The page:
Filipe and his wife Denise ran a small seafood restaurant. It was just before 4 pm when he arrived, still quiet before the dinner rush. Marc was taken aback seeing Filipe. Filipe, his wrestling opponent in the rain.
“Dutch, it’s been far too long,” said Filipe, holding his arms wide.
Marc wasn’t sure how to embrace a man in a wheelchair. He recovered quickly and knelt on one knee beside him. Filipe, who’d taken the brunt of the IED blast. Tears filled Marc’s eyes involuntarily. Filipe, whose dried blood was still on Marc’s Kevlar. Denise’s entrance broke their embrace.
“Marc, I wasn’t sure you’d come,” she said as she greeted him with kisses. “Oh, and this is our Claudette.”
“Hello Uncle Marc,” said a five year old girl, “would you like a Grolsch?”
Marc had to stop himself from laughing at the deadpan delivery of the tiny, serious girl. “Yes little one,” he said with a smirk. He watched as Claudette expertly flipped the wire opening on the large green bottle and poured Marc a neat glass.
“You will stay for dinner, yes.” said Denise. It wasn’t a question.
Marc sat at a table alone and watched the dinner service as he ate. Filipe rolled among the tables, taking orders. Claudette delivered the plates and drinks. Denise commanded the kitchen. He was touched by the easy rhythm of this little family. He thought of the new life Filipe and Denise had begun to build here. Filipe’s place in France had been hard-earned. Because of his wounds he’d been granted automatic citizenship, a tradition known as “French by blood shed”.
Claudette was in bed by 10 pm. The last guests were putting on their coats and Filipe and Denise joined Marc at his table, bringing tumblers for the wine.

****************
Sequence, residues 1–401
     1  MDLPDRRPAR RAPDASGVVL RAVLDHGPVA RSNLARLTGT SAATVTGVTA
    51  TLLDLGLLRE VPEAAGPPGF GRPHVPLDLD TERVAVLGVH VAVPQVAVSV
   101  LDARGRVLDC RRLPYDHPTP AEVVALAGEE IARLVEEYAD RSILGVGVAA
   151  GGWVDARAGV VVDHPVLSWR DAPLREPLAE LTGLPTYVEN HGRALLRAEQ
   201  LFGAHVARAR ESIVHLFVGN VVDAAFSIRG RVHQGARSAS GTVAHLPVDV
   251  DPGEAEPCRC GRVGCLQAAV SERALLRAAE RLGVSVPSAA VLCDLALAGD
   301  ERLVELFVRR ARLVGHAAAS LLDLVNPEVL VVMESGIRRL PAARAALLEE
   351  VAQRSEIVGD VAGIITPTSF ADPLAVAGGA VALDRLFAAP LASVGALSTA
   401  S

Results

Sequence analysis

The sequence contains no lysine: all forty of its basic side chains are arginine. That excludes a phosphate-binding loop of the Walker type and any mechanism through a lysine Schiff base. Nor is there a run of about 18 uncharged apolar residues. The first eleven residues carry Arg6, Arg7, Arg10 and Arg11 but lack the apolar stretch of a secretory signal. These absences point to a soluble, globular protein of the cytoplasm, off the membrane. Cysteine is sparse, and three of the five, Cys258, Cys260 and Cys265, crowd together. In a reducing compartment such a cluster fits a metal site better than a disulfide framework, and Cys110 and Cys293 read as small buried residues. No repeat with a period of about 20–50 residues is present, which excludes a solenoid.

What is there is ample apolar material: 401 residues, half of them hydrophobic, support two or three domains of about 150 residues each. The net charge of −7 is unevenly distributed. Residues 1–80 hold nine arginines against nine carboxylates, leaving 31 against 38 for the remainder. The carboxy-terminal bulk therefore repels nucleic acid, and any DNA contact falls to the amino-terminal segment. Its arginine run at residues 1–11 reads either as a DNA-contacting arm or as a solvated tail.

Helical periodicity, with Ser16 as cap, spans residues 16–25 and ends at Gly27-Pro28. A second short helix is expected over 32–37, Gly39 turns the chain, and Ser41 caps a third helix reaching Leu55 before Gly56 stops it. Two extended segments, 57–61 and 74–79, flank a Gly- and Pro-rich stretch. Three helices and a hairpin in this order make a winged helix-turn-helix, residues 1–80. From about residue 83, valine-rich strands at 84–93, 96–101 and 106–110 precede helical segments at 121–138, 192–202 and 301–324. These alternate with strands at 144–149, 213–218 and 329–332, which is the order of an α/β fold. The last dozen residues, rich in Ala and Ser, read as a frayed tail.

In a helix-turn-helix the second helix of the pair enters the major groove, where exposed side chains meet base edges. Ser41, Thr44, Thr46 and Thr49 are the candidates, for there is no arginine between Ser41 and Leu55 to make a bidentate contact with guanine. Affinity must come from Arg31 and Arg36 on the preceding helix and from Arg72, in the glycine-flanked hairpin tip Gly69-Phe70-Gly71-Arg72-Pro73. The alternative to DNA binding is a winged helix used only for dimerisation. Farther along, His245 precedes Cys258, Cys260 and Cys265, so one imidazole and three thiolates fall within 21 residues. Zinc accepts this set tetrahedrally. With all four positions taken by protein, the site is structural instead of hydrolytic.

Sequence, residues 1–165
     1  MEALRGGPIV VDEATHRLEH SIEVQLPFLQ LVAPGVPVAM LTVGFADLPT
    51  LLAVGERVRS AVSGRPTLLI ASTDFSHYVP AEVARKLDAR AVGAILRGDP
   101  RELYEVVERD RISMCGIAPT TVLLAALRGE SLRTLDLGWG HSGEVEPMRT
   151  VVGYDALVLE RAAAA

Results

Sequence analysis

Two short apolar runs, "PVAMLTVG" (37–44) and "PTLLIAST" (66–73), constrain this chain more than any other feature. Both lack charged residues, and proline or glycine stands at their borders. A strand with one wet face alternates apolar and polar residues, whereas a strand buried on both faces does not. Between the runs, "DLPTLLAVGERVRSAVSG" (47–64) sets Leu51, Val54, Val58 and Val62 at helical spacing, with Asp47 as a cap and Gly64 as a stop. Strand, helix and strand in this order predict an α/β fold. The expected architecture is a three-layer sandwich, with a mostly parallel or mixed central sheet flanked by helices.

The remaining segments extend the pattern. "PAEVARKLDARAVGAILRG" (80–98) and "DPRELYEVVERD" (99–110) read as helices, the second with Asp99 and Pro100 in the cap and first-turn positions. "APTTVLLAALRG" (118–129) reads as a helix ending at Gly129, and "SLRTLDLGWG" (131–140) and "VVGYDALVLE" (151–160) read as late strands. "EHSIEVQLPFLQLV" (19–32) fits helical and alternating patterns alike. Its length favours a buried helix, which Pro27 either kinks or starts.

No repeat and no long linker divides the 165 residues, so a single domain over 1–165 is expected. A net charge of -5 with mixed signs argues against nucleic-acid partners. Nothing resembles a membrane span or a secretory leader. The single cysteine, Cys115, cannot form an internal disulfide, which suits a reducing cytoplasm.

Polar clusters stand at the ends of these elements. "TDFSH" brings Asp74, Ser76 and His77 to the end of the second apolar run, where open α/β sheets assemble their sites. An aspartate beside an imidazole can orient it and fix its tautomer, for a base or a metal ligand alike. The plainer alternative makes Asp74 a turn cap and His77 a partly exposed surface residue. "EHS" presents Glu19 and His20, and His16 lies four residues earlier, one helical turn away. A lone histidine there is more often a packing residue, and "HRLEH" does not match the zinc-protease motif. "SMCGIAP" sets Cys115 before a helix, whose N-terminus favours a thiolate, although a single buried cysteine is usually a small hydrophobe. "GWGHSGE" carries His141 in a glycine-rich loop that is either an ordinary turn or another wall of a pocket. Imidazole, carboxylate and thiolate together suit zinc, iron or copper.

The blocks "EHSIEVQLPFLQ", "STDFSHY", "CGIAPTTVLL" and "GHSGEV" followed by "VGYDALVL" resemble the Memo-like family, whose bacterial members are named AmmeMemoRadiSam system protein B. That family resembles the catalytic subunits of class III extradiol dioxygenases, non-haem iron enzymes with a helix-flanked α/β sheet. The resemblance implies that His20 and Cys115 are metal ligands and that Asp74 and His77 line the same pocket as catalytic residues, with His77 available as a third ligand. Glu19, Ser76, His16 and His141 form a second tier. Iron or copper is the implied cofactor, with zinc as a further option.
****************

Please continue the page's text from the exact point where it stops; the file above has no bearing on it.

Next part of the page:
“You are due at barracks tomorrow?” asked Filipe.
“Yes,” said Marc, “don’t want to blow my pension.” He turned to the matter at hand. “What’s this about the Corsicans?”
Filipe looked at his wife. “I thought you said you wouldn’t tell him?” he said, clearly annoyed.
Denise steadied him with her hand. She touched his cheek, “I didn’t know who else.”
“Then I will tell him,” said Filipe solemnly. “As you know Denise came to Marseille to get away from the gangs. There were family connections. The Corsicans are moving into Marseille. A man has been visiting us at the restaurant.”
“Extortion,” concluded Marc.
Denise took her chance, “and someone has approached Claudette outside her school.” She began to break down and rested her head on her husband’s chest. He stroked her hair. As he did this, Marc noticed the small tattoo on the inside of Filipe’s forearm, near the brachial artery: his blood group A-negative.
Getting hold of a firearm in Marseille was no easy thing, particularly when your enemy were the ones running the guns. Marc dressed as an American tourist and spent a week gathering intelligence on his new target. He was now well overdue for duty at The Farm, but this mission was sacred. He would go after their leader.
Marc came to consciousness, awoken by the sound of muffled voices and keys. His left eye was swollen closed and throbbing. He looked up to see his arms tied at the wrist with a thick plastic zip tie and taking the weight of his body on a meat hook. He saw his own blood group tattoo: AB-positive. He was in a concrete room that smelled of bodily fluids. He was struck by the brutal purpose of the place. It was early morning. The room faced north. He could hear two men talking on the other side of the steel door.
“He killed the godfather,” whispered one.
“What do we do with him?” asked the other.
One of the men opened a small peep door. Marc didn’t need to look. He could smell them: fear, tobacco, alcohol, dirty clothes; amateurs. They were thugs, without a leader, men without dignity. A smile curled at the corner of Marc’s parched lips. He now had all the information he needed for his next battle. He knew he would take them.